BIC next argues that the TAC violates Rule 8(a)(2) and Rule 8(d)(1). (Doc. 65 at 3-5.) Rule 8(a)(2) provides that a complaint must contain "a short and plain statement of the claim showing that the pleader is entitled to relief." Fed.R.Civ.P. 8(a)(2). Rule 8(d)(1) provides that "[e]ach allegation must be simple, concise, and direct." Fed.R.Civ.P. 8(d)(1). While the TAC is somewhat sprawling, with some paragraphs appearing repetitive and unnecessary, the undersigned acknowledges that the length and repetition is due, in part, to the fact that the Plaintiff has restated certain allegations to cure shotgun pleading deficiencies in the Second Amended Complaint. ( Compare doc. 64, with doc. 31.) In the Court's Order granting the Plaintiff leave to file its Proposed Second Amended Complaint ("PSAC"), United States District Judge Kristi K. DuBose noted that
the PSAC is a "shotgun pleading, " as it "incorporate[s] every antecedent allegation by reference into each subsequent claim for relief..." Wagner v. First Horizon Pharm. Corp., 464 F.3d 1273, 1279 (11th Cir. 2006). The Eleventh Circuit greatly disfavors such pleadings, see, e.g., id. ... However, having reviewed the PSAC, the Court does not find it confusing on its face and will not sua sponte deny amendment on this basis.
(Doc. 30 at 7-8.) After the Plaintiff filed the Second Amended Complaint (doc. 31), the
Defendants filed motions for a more definite statement (docs. 46 and 49), and the Plaintiff, subsequently, filed the TAC to clarify its claims. The undersigned agrees with the Plaintiff that, at this point, its claims are sufficiently clear. The TAC gives BIC fair notice of the Plaintiff's claims "and the grounds upon which [they] rest, " such that it allows BIC to frame a responsive pleading. Accordingly, the undersigned finds that the TAC complies with the pleading requirements of Rule 8.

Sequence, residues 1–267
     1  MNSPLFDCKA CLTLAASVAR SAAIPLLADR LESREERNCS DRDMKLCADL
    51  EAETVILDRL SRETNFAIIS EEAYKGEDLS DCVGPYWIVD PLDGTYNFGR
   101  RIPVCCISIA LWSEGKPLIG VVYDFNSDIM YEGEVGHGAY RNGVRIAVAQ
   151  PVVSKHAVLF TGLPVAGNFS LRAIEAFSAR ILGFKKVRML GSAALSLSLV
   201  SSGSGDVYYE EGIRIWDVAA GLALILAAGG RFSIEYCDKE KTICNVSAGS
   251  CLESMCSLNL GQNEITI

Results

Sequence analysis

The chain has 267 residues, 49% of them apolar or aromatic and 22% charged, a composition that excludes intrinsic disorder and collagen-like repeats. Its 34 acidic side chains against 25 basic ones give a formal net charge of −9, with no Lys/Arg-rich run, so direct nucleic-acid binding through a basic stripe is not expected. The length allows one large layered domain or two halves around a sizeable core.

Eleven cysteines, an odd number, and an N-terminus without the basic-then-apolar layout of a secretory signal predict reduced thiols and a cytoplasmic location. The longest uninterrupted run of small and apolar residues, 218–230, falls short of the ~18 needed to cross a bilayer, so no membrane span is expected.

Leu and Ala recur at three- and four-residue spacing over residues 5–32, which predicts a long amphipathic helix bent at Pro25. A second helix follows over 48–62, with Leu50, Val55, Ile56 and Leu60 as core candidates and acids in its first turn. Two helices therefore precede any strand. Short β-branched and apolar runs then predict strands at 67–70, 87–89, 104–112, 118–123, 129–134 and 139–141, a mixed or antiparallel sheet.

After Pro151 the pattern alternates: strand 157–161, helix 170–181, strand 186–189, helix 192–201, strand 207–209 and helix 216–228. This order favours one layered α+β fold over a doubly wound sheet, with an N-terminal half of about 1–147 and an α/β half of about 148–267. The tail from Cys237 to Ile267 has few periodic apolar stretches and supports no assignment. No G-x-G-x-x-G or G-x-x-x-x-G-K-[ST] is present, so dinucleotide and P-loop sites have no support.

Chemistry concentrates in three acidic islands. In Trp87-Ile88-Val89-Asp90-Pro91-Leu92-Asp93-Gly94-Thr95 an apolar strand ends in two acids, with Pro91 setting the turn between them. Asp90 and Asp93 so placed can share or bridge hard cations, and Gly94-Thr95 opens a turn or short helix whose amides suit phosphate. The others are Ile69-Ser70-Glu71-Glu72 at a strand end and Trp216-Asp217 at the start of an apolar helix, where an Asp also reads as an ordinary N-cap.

B. The Plaintiff's claims against BIC are properly asserted in tort.
BIC argues that all claims Plaintiff asserts against it-fraud, breach of fiduciary duty, negligence and wantonness-arose from their contract and, thus, those claims "must be dismissed insofar as the allegations therein assert a cause of action sounding in tort but based on a contract." (Doc. 65 at 6.) The undersigned disagrees.
It is well settled in Alabama that "a mere failure to perform a contractual obligation is not a tort." Barber v. Business Products Center, Inc., 677 So.2d 223, 228 (Ala. 1996)[, overruled on other grounds by White Sands Group, L.L.C v. PRS II, LLC, 32 So.3d 5, 14 (Ala. 2009)]. It is also true, however, that Alabama courts have recognized exceptions to this rule. See, e.g., Powers v. CSX Transp., Inc., 190 F.Supp.2d 1284, 1295 (S.D. Ala. 2002) (collecting cases). The Eleventh Circuit has construed Alabama law on this point as providing that, while ordinary breach of contract does not constitute a tort, "[i]t is possible for a tort to arise in Alabama out of a breach of a duty implied by or arising out of a contract." Brown-Marx Associates, Ltd. v. Emigrant Sav. Bank, 703 F.2d 1361, 1371 (11th Cir. 1983); see also Hamner v. Mutual of Omaha Ins. Co., 270 So.2d 87, 90 (Ala. Civ. App. 1972) (similar). The Brown-Marx panel distinguished between claims for breach of an obligation expressly set forth in the contract (which are not actionable in tort under Alabama law) and claims for breach of a duty implied by or arising out of the contract (which may be actionable in tort). See Brown-Marx, 703 F.2d at 1371.